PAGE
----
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Effects of life-sustaining treatment plans on healthcare expenditure and healthcare utilization

Abstract

Purpose

To develop an ethical and cultural infrastructure for Life-Sustaining Treatment (LST) plan, it is crucial to carefully analyze its impact and ensure that healthcare utilization is maintained at an appropriate level, avoiding excessive medical interventions. This study aims to investigate the effects of LST decisions on both healthcare expenditure and utilization.

Methods

This cohort study utilized claims data from the National Health Insurance Service, encompassing all medical claims in South Korea. We included individuals who had planned to withdraw or withhold their LST between January and December 2018, identified by claim code IA71, IA72, IA73. We followed a total of 28,295 participants with documented LST plan who were deceased by June 2020. Participants were categorized into LST withdrawal / withholding and LST continuation groups. The dependent variables were healthcare expenditure and utilization. We construct a generalized linear model to analyze the association between these variables.

Results

Out of the 28,295 participants, 24,436 (86.4%) chose to withdraw or withhold LST, while the rest opted for its continuation. Compared to the LST continuation group, those who chose to withdraw or withhold LST had 0.91 times lower odds for total cost. Additionally, they experienced 0.91 times fewer hospitalization days and 0.92 times fewer outpatient visits than those in the LST continuation group.

Conclusion

Healthcare expenditure and utilization deceased among those choosing to withdraw or withhold LST compared to those continuing it. These findings underscore the significance of patients actively participating in decision regarding their treatment to ensure appropriate levels of medical intervention for LST. Furthermore, they emphasize the critical role of proper education and the establishment of a cultural framework for LST plans.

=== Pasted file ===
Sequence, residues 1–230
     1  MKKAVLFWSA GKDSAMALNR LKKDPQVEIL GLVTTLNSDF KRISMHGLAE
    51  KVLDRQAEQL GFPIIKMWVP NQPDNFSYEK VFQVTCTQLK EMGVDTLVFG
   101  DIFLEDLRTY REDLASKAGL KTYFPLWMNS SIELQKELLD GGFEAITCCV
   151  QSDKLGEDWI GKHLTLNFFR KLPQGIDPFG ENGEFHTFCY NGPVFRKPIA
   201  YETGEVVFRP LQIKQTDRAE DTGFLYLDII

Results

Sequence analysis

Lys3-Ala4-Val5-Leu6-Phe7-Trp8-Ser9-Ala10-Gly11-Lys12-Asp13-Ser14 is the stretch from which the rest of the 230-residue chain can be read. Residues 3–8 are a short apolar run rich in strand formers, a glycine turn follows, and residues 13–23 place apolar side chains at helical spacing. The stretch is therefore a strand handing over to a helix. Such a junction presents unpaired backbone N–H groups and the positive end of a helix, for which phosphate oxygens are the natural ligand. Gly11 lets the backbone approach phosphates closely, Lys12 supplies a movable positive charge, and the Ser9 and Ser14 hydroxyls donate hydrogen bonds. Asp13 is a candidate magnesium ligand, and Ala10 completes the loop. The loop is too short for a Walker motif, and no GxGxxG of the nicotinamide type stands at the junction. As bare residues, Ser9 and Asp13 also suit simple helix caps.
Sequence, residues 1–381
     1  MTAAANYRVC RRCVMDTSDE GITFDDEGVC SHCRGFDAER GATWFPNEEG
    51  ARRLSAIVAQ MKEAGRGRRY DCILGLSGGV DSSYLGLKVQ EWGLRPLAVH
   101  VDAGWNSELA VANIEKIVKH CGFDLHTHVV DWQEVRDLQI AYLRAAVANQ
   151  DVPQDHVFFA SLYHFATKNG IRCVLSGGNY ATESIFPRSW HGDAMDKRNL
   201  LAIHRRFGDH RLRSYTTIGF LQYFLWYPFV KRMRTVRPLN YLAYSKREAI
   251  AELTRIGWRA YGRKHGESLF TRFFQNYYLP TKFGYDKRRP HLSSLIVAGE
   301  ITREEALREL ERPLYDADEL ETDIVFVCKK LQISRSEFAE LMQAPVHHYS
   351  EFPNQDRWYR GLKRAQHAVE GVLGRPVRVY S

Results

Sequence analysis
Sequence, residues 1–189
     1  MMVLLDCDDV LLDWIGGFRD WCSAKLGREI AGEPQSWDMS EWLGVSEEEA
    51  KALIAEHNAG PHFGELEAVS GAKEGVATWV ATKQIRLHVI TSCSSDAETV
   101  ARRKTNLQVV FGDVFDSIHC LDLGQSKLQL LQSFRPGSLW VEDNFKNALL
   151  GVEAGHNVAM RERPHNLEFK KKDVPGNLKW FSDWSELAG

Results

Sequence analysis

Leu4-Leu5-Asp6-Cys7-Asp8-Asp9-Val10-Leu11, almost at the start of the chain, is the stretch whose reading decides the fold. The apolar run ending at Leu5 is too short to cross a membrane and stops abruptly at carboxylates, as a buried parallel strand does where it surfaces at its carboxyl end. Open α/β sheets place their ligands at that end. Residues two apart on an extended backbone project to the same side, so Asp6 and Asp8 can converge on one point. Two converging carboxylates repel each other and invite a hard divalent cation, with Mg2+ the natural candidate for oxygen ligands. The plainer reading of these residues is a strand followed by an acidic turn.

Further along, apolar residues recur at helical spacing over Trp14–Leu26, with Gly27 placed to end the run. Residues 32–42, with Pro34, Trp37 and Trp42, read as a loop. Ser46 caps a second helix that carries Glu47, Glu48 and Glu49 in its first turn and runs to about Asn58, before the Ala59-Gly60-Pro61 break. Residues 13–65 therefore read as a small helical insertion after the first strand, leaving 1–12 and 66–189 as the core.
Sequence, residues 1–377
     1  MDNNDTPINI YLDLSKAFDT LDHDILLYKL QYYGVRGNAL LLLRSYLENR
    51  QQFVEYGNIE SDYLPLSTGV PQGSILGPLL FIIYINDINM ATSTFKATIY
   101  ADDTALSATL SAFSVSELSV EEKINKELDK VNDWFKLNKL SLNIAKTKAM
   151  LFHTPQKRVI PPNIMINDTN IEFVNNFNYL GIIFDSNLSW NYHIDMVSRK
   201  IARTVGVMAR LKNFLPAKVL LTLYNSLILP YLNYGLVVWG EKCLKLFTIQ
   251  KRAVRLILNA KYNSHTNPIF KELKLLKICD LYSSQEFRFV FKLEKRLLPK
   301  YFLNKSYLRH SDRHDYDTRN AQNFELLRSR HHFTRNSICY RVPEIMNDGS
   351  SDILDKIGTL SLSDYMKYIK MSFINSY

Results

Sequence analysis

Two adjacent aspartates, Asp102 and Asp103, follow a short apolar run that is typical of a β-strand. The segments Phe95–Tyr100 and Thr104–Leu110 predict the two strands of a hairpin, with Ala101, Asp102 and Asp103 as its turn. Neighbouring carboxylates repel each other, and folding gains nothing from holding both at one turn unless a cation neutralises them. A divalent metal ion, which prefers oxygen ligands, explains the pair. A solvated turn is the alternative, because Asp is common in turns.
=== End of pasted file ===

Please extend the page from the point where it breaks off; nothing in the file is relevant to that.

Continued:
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Introduction

Population aging is a major driver of the demand for healthcare and, thus, of the annual growth in national health spending [1, 2]. Korea, presently an aging society, is expected to become a post-aged society in 2025, when 20% of its total population will be composed of older adults aged 65 years and older [3]. The development of medical technology can not only improve health but also sustain life through proper treatment. However, such technology may also only prolong the process of death, where recovery is no longer feasible [4]. Moreover, patients and their family often report the cost of care as a major financial burden, with many ending up spending most or all of their savings on medical expenses [5]. Considering the changes in the population structure, such as low birth rates and aging, the efficient use of resources to cope with the changes in medical use grows increasingly salient.

As death approaches, patients are faced with higher pre-death medical expenditure, which is due to the development of medical technology that has increased the number of services, or due to the continuous services to patients provided by medical institutions [6]. In Korea, the average monthly medical expenditure, which is continuously increasing, was KRW 1,329,000 a year before death and KRW 2,417,000 shortly before death in 2015; their corresponding figures in 2005 were KRW 391,000 and KRW 909,000, respectively [6, 7]. Medical expenses for extending life tend to be lower in the period of healthy life gained through treatment [8]. Meanwhile, medical expenses for life-sustaining treatment (LST) do not significantly affect quality of life [6]. Therefore, the right to self-determination of LST for patients has become increasingly important.